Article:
To be honest any breed has the possibility to be noisy, it's all in the individual pup's temperament and training. You also have to be mega careful if you choose a fashionable crossbreed that you don't end up with an expensive health nightmare of a dog, there's too many super dodgy breeders out there.

A regular Cav who comes from a sensible breeder whose done all the health checks and trying to avoid all the normal Cav health issues might be one route. They are great little family dogs if you can get past the health issues.

I work in Central London and see everything from Chihuahuas and Pomeranians to Ridgebacks and Golden Retrievers. When I lived in Camden there was someone who would walk a massive elderly Great Dane.

Sharpcattlegridheavyhat Mon 19-Feb-18 11:39:10

By the way can I ask how you found yours (or he/she found you) Avocados? Was he a rescue?

mustbemad17 Mon 19-Feb-18 11:40:28

I think many dogs bark when people arrive, when they're being playful etc. The difference is if they bark constantly when left.
I'm in a flat & have had several different breeds (fosters). If they're exercised well & have plenty of mental stimulation it's not really a problem. Obviously I wouldn't have a giant breed in a small flat, but energy levels tend to match owners not houses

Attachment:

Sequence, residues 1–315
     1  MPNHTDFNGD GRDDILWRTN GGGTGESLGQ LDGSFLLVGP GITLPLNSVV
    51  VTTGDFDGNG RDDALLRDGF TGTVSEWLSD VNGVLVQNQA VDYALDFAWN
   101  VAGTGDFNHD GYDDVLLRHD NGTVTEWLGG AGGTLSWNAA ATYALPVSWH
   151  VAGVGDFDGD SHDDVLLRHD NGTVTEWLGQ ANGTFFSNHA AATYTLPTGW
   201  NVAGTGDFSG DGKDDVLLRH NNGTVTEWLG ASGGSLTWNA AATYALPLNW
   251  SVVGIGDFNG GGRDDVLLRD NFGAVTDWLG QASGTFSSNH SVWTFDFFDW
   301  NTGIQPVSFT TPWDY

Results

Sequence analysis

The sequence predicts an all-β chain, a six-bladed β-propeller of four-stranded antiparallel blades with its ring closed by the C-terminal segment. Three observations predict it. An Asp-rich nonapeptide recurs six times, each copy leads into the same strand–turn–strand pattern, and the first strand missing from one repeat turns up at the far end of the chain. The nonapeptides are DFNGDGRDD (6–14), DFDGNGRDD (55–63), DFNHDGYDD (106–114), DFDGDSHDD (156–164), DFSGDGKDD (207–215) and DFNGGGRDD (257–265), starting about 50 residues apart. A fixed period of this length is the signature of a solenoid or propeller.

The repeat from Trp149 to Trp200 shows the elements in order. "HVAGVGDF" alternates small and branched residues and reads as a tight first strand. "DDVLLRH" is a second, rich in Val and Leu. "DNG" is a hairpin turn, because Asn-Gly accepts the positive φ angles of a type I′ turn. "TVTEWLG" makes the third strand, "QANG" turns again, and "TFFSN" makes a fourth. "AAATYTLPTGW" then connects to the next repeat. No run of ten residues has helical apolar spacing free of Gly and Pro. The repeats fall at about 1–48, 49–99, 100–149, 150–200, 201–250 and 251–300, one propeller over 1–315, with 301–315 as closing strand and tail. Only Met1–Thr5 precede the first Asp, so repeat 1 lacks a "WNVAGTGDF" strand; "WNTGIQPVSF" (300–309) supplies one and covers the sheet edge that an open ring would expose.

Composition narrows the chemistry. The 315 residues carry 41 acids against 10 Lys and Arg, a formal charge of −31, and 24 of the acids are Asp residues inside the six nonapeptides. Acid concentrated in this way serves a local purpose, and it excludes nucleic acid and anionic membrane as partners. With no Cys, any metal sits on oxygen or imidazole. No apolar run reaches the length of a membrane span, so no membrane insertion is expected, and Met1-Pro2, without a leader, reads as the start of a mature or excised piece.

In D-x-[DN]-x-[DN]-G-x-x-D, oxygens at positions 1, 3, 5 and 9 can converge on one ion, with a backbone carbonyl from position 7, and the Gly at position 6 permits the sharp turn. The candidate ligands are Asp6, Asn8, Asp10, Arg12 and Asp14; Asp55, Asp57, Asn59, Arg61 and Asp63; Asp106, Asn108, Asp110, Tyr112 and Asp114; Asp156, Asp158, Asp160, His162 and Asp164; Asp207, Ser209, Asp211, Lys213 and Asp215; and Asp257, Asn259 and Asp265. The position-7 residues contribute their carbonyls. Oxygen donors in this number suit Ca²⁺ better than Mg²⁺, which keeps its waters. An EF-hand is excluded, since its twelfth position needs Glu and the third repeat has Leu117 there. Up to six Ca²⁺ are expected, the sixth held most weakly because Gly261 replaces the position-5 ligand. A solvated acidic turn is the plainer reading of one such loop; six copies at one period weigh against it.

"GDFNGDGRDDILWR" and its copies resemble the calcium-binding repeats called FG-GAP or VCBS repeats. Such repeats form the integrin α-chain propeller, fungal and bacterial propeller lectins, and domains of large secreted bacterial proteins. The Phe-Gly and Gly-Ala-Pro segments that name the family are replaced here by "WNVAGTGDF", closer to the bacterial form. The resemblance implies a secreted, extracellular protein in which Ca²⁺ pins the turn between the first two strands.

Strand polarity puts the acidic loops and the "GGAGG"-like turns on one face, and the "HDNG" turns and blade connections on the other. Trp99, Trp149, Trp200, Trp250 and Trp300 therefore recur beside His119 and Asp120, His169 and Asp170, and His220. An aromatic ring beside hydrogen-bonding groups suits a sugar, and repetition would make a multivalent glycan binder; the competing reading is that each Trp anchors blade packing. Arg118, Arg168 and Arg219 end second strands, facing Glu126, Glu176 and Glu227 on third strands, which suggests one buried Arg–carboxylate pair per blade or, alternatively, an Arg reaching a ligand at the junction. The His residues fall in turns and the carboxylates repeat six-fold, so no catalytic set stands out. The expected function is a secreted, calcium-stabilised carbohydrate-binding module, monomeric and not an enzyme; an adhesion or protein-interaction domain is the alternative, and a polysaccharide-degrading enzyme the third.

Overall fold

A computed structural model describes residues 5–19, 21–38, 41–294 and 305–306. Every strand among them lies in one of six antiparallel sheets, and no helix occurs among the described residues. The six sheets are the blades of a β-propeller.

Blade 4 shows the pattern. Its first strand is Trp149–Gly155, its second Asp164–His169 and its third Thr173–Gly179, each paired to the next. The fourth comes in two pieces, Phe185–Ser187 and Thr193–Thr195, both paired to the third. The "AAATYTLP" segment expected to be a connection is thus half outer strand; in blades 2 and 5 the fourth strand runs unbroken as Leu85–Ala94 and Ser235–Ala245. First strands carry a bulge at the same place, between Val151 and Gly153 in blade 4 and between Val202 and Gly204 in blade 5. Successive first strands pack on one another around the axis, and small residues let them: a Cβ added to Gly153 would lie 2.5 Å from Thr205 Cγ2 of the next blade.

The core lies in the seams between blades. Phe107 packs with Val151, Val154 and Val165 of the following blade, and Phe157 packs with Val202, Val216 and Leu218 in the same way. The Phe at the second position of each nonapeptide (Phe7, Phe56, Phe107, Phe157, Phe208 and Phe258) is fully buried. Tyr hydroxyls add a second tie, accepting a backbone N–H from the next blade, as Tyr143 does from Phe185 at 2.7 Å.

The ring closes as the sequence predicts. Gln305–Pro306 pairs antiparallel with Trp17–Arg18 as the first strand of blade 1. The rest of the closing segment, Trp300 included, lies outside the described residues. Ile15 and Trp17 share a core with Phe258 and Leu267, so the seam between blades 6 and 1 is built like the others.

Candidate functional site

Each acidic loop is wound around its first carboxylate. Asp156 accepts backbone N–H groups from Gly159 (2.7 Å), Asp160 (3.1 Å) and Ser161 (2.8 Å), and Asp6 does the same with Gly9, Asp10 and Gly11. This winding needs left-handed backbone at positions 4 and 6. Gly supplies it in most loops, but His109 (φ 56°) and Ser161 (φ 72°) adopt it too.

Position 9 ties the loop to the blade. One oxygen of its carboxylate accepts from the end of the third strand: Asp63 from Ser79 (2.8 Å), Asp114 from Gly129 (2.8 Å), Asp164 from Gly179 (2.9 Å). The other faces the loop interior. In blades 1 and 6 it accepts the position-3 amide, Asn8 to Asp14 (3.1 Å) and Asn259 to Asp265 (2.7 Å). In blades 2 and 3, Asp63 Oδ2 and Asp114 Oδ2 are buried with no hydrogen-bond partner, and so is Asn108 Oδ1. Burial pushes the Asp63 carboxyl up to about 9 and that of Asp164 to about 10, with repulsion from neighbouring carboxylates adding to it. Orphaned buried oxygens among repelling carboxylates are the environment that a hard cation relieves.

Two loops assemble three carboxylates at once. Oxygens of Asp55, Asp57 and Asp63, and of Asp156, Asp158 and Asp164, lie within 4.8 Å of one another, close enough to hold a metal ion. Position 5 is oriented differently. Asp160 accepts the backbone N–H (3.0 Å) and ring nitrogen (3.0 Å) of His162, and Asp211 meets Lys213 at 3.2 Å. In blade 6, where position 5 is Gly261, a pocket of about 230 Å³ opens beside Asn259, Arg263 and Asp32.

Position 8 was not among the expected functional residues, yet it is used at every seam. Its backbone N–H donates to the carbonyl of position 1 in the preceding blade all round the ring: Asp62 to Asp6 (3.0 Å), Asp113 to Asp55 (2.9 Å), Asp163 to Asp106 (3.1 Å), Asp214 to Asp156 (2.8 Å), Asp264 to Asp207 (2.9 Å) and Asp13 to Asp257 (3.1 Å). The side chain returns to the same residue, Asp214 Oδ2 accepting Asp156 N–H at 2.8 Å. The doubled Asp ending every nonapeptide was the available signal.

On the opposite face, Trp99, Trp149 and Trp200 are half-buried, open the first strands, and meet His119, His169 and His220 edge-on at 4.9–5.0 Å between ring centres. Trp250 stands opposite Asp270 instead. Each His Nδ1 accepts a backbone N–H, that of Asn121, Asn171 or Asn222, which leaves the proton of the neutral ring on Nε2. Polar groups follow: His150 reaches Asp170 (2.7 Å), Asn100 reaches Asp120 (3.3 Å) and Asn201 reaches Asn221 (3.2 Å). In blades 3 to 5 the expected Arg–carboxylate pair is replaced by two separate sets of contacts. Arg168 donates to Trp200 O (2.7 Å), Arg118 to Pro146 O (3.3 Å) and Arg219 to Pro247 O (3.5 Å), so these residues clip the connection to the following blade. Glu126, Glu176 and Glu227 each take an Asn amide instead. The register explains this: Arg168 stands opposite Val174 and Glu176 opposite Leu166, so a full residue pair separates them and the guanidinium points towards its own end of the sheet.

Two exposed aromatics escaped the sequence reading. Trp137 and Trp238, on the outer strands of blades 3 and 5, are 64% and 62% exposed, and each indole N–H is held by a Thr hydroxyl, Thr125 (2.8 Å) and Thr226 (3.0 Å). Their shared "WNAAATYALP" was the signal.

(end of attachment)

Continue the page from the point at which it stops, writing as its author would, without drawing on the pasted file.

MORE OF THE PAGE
Sharpcattlegridheavyhat Mon 19-Feb-18 11:43:05

Yeah I’d definitely be happy with a scruffy unfashionable little dog... as long as the neighbours didn’t hate us! I assume the rescue route favours families with much older children...

Sharpcattlegridheavyhat Mon 19-Feb-18 11:44:35

Yeah maybe I’m overthinking it. I work from home so it would be my companion all day when everyone starts school, I have the odd occasion I have to go to meetings but nothing much.

AvocadosBeforeMortgages Mon 19-Feb-18 11:47:04

Bit of a lengthy story as to how he came to be with me, but in a nutshell he belonged to a friend who was emigrating to another continent and it was decided that he'd be better off staying with me as I'd been doing the vast majority of the dog care anyway.

He's an unfashionable cross I would never have considered, and I've spent a lot of time working on his behavioural issues, but he's coming along very nicely and I wouldn't swap him for anything.

wombatron Mon 19-Feb-18 11:47:27

London living person here! 2 pugs and a small garden. They don't want to go for a walk every day twice a day but I do take them. They're content with a little stroll round the block for 15minutes twice a day but we do go to the park for longer walks on the weekend - they're very old now but when younger they'd go for an hour or so if you were worried about lack of outside time with your children. Though they refuse to fetch and tend to be happy running along with you rather than heading off by themselves on walks.